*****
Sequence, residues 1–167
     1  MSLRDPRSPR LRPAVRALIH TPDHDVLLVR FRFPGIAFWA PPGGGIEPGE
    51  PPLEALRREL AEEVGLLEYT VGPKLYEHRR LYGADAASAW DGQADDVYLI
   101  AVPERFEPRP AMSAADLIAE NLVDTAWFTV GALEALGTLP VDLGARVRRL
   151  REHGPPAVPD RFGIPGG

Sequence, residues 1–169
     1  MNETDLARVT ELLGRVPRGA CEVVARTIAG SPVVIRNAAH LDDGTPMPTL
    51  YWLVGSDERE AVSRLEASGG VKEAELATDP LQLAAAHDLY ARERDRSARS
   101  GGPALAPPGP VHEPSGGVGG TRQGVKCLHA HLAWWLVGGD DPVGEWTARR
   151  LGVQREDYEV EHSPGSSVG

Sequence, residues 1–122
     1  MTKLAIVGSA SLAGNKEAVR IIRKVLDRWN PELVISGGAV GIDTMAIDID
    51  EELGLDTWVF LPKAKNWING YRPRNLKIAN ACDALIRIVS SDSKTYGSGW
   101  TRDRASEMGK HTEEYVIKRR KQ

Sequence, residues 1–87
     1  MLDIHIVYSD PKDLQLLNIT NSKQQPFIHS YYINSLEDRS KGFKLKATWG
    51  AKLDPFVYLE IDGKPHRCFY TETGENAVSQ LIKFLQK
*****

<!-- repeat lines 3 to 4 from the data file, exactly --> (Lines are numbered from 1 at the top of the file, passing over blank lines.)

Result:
    51  PPLEALRREL AEEVGLLEYT VGPKLYEHRR LYGADAASAW DGQADDVYLI
   101  AVPERFEPRP AMSAADLIAE NLVDTAWFTV GALEALGTLP VDLGARVRRL